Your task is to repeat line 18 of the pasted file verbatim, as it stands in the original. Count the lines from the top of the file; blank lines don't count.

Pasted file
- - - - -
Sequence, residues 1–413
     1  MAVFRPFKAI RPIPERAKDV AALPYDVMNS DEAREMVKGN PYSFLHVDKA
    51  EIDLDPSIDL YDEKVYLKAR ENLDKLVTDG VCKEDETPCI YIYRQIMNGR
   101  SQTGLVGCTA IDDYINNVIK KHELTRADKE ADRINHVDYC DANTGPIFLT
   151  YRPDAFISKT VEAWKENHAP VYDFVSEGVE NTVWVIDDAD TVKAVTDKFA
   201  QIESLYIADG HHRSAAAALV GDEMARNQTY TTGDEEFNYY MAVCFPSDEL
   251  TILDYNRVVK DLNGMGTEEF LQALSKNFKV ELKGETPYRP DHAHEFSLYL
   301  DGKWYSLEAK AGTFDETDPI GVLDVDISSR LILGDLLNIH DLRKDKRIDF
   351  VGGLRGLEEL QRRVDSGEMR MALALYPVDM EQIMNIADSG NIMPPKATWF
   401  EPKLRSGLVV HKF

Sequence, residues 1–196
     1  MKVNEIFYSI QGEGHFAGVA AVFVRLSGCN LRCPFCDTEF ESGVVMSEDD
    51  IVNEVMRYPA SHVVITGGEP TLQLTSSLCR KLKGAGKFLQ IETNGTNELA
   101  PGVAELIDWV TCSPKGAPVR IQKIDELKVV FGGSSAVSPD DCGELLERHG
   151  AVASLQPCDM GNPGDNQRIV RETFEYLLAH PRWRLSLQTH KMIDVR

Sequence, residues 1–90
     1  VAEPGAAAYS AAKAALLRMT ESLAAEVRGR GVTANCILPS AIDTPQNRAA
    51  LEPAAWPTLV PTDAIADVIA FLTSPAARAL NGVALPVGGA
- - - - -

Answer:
    51  LEPAAWPTLV PTDAIADVIA FLTSPAARAL NGVALPVGGA